Northern Ontario Exports Program

Northern Ontario Exports Program notches its first decade helping companies hit new markets

Posted: Mar 22, 2022

In the previous two years alone, the Northern Ontario Exports Program has helped fund 86 projects aimed at helping companies in the region market and export their products outside of Ontario.*

This included $1.23 million in funding during these two years, which was matched by company investments of $2.66 million.*

In Greater Sudbury alone, 46 projects have been approved to receive $674,050 in funding, which has been supported by $1.7 million in company investments. 

The program operates out of the City of Greater Sudbury under the auspices of Ontario's North Economic Development Corporation and receives funding from all three levels of government.

Last week, the province announced $3.5 million in funding for 13 Greater Sudbury area projects, including $1.6 million for the Northern Ontario Exports Program.

This funding has been part of the organization’s operations for the past couple of years as part of its Phase 4, which was approved in 2020, program director Jenni Myllynen said. FedNor also provided $1.6 million for Phase 4 of the program and Ontario’s North Economic Development Corporation members contributed a total of $130,000. 

The Northern Ontario Exports Program was created in 2012 in response to a recognition that the majority of firms in the mining supply and services sector were exclusively focused on customers in Northern Ontario.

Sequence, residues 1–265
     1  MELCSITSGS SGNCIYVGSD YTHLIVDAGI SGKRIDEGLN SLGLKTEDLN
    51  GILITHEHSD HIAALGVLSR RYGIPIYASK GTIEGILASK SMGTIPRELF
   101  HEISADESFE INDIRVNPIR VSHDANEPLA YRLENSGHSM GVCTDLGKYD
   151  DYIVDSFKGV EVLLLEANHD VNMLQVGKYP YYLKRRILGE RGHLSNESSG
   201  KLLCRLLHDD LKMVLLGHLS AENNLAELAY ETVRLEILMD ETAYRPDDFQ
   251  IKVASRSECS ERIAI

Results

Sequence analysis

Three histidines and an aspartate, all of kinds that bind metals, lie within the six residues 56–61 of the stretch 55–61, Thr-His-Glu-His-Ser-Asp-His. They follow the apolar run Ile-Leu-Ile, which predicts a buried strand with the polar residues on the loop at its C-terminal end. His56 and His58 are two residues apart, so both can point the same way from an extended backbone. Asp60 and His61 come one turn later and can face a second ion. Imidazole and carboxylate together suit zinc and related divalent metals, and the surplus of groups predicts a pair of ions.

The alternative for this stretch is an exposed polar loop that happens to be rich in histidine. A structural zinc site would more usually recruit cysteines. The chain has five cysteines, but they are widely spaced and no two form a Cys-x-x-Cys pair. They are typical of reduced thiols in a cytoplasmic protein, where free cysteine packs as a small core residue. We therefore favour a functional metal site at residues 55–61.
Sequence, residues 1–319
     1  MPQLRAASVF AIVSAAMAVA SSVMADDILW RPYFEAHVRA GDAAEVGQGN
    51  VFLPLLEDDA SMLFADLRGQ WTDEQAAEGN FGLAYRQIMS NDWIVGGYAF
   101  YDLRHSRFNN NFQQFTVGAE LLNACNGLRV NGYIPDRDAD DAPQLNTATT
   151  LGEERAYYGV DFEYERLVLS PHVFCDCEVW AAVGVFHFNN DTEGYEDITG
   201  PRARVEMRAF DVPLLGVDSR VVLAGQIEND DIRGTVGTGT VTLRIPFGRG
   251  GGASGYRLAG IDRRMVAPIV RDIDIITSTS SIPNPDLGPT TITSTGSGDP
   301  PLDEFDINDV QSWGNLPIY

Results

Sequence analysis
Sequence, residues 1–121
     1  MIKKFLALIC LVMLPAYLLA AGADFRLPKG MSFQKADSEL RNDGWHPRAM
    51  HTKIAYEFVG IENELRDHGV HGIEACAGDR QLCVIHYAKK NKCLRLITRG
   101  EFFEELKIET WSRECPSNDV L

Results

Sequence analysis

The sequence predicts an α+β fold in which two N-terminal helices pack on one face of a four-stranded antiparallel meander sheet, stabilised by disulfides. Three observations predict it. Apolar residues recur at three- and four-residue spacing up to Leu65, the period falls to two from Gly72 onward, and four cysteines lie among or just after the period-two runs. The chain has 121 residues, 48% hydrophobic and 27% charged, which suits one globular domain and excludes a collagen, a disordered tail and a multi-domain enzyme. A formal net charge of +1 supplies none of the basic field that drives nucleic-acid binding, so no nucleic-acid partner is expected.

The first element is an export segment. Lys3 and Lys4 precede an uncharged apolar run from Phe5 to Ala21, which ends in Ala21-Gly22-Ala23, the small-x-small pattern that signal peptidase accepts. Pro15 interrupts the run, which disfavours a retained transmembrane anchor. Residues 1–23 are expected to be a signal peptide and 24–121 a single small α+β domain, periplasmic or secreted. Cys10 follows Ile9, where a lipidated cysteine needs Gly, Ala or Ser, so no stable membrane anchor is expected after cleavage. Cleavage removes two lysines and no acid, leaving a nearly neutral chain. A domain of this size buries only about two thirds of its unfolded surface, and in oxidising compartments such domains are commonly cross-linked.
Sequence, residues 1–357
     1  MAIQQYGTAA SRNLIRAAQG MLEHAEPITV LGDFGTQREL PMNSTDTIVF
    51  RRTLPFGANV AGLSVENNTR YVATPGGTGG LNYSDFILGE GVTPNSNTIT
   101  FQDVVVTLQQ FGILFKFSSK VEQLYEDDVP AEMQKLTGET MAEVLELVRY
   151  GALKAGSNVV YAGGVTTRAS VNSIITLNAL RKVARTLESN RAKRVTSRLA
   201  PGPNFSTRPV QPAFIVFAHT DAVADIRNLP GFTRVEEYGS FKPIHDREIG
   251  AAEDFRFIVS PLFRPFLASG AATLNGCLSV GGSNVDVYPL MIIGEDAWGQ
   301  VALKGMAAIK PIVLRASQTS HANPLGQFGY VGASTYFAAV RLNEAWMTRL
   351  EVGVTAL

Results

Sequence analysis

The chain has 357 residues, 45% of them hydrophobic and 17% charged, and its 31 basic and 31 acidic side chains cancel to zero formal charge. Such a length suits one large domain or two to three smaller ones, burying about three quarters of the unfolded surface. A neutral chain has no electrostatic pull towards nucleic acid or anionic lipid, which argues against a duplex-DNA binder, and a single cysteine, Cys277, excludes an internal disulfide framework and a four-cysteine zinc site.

“You can imagine the kinds of risks that come with that,” Myllynen said, adding that she and another staff member operate the program to help companies navigate bureaucracy and whatever other barriers they experience in their efforts to tap into markets outside of Ontario.

They started out focused on the mining supply and services sector, with subsequent phases refining the program and expanding it to include any business that might benefit from exporting.

“In a day, we might talk to someone who’s in advanced manufacturing developing very large pieces of equipment for the mining sector, or part of that new green wave – electric vehicles or energy efficiency,” Myllynen said. “The next conversation might be about maple syrup.”

Although the program operates out of the City of Greater Sudbury, they also assist companies in North Bay, Timmins, Sault Ste. Marie and Thunder Bay.

They’re another tool for the region’s economic development offices to draw from, Myllynen said, noting that they’re always on the lookout for companies that might benefit from their services. They offer up to 70 per cent of project costs for things such as export marketing, in-market business development, export-related training and strategic planning projects.

Exporting products to foreign markets can be complicated business, she said, pointing to jurisdictional requirements such as packaging, language and safety requirements as potential hurdles.

In addition to assisting individual businesses, the program is also funding the establishment of a Northern Ontario mining supply storefront in Elko, Nevada. It will provide space for three cohorts of 10 Northern Ontario companies and assist the companies to connect with opportunities in the Nevada mining market. 

The program is accepting applications for export marketing and business development projects on an ongoing basis, with more information available by clicking here.

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